MPs are debating the PM's Brexit deal, amid uncertainty about whether the decisive vote on it will go ahead.
The PM is trying to convince MPs to support the agreement he secured with the EU, in Parliament's first Saturday session in 37 years.
Mr Johnson told MPs "now is the time to get this thing done", saying any delay beyond 31 October would be "corrosive".
But MPs will debate a proposal that could delay Brexit again until all the necessary UK legislation is passed.
Commons Speaker John Bercow has chosen an amendment that, if passed, would require the PM to write to the EU by the end of the day to ask for a three-month extension to Brexit.
Downing Street has threatened to postpone the vote on the revised deal altogether if MPs vote for a Brexit delay.
If the vote does go ahead, it is expected to be incredibly close, with the PM's former DUP allies and opposition parties planning to vote against the PM's deal.
Labour leader Jeremy Corbyn said his party would "not be duped" into voting for an agreement which would leave the UK worse off.
However, at least nine Labour MPs are expected to support the government while the PM is hoping to be backed by some of the 21 Tory MPs he sacked for opposing him last month.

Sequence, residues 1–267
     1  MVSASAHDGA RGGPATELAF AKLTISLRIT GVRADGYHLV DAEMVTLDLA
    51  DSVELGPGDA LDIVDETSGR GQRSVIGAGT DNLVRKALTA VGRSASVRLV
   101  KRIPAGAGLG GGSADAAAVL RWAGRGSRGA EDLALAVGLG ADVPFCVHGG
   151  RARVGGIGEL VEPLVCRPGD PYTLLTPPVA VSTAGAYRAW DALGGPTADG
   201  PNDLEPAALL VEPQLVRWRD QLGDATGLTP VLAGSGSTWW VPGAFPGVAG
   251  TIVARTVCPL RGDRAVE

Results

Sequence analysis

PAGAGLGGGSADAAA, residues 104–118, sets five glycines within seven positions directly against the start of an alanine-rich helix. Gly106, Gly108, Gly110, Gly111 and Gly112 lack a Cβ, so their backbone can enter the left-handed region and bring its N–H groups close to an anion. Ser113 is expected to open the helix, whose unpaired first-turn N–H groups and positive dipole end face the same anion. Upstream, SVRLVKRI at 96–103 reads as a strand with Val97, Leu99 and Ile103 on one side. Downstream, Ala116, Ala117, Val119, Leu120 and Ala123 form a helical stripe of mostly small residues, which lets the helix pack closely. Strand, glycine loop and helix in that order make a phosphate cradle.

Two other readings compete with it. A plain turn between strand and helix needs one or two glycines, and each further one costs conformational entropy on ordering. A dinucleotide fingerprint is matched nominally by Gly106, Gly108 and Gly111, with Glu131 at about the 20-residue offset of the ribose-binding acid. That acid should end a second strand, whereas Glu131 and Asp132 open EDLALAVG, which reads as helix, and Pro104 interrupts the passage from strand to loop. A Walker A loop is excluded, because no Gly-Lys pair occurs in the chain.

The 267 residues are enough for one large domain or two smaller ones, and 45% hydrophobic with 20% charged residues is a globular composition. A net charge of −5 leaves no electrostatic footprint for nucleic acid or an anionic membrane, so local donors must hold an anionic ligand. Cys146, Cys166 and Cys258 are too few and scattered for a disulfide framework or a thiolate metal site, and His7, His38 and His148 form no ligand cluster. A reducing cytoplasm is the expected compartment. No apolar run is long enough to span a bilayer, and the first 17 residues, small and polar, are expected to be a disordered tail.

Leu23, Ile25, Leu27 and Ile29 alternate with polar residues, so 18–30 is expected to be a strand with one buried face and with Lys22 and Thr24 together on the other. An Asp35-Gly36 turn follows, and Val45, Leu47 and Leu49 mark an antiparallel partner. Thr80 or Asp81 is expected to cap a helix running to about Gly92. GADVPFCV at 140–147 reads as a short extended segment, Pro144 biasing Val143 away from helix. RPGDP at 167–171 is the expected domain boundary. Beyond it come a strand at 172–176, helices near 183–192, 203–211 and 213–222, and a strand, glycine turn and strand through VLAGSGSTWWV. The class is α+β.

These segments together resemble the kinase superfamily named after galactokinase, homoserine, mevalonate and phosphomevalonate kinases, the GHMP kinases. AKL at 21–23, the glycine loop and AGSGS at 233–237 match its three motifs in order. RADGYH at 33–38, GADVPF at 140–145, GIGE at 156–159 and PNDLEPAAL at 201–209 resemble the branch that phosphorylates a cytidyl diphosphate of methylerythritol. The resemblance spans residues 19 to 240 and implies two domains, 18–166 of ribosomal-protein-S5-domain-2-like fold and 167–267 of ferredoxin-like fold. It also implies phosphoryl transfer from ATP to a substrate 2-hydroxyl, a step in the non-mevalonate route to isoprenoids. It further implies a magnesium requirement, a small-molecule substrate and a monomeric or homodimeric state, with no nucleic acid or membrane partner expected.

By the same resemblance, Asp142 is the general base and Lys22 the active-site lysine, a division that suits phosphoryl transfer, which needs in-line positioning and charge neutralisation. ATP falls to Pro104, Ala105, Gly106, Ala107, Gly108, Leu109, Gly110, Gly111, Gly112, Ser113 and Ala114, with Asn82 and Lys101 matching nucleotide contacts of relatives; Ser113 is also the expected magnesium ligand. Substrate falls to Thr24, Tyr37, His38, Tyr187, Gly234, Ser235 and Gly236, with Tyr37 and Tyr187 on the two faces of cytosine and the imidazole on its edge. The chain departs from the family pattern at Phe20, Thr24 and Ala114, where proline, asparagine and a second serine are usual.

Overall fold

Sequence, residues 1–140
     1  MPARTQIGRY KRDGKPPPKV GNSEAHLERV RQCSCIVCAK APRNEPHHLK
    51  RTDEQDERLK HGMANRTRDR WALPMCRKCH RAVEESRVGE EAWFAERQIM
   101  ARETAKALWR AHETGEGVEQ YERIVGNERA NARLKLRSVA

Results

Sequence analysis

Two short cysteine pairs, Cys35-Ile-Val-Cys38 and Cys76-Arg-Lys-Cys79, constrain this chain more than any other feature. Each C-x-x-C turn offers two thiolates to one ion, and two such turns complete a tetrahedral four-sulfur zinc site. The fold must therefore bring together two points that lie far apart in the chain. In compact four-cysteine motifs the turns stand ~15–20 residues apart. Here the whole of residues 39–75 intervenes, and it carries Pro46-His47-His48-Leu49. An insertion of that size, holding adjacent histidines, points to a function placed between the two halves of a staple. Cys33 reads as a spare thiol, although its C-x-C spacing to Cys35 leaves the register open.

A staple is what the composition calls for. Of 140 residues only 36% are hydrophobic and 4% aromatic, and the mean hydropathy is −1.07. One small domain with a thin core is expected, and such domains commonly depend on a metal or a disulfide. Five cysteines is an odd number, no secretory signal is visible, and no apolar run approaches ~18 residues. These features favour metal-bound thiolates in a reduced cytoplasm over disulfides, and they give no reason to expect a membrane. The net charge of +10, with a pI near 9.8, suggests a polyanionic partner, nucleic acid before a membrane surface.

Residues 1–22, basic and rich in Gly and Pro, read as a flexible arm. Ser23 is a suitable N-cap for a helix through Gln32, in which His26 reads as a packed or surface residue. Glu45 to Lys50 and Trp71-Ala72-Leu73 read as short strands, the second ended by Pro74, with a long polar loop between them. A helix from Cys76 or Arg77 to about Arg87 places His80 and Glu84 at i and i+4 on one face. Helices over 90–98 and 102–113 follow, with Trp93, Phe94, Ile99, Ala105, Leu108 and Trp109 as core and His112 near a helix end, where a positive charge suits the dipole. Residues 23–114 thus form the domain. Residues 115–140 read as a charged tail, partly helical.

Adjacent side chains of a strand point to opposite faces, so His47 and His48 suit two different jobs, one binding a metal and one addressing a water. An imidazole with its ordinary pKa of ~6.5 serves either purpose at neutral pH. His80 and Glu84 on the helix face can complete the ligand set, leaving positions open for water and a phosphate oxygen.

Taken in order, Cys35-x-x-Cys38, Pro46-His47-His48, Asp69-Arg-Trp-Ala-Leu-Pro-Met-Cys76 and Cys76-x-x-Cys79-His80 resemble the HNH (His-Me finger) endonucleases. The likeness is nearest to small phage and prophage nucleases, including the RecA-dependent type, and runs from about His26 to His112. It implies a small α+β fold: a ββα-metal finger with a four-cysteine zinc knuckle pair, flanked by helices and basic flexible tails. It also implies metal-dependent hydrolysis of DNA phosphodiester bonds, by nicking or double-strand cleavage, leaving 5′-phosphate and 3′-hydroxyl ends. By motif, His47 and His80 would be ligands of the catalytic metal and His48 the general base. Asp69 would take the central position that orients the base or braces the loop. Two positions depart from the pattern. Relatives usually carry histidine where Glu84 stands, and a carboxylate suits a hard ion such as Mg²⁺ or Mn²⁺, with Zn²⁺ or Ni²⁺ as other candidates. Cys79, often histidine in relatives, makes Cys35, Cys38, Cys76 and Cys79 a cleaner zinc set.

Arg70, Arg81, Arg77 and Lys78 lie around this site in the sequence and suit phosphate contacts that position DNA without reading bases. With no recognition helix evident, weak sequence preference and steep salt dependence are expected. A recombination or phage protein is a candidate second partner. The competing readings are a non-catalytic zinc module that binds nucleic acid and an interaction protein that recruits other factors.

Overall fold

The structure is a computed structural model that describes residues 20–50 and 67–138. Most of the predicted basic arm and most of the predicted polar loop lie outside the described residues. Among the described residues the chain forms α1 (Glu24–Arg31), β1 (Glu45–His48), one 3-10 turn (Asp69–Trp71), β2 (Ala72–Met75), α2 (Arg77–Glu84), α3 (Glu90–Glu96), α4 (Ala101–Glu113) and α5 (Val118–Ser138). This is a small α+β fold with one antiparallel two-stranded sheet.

Steve Baker, the chairman of the European Research Group, a group of Tory Brexiteers, recommended its members vote in favour of the deal at a meeting on Saturday morning.
Mr Johnson has defended the terms of of his revised EU withdrawal agreement at the start of the first weekend sitting since the invasion of the Falklands in 1982.
He urged MPs to come together to begin to "heal the rifts in British politics", saying he believed a majority of MPs were committed to delivering the result of the 2016 referendum.
He suggested any further negotiations would be fruitless and urged opponents of Brexit to "abandon their delusion" that any further delay would help the UK.
"It is my judgement we have reached the best possible solution," he said.
"I must tell the House, in all candour, whatever letters they may seek to force the government to write, it cannot change my judgement that further delay is pointless, expensive and deeply corrosive of public trust."
After several hours of debate, there will be series of votes, not expected before 14.30 BST.
Among the amendments chosen by Speaker John Bercow to be voted on is a controversial one put down by former Tory Sir Oliver Letwin, who now sits as an independent.
This would withhold parliamentary support for the deal unless and until legislation implementing the agreement in UK law is passed by MPs.
If this amendment is passed, it would force the prime minister to seek a further delay to Brexit beyond the October 31 deadline - under the terms of the Benn Act passed last month.
The BBC's political editor Laura Kuenssberg said its "brutal effect" would be to deny the PM the opportunity of having the "conclusive" vote on his deal he so badly wants.
A No 10 source has said the vote on Mr Johnson's deal will be abandoned if the amendment is passed, saying it will "render the entire day meaningless".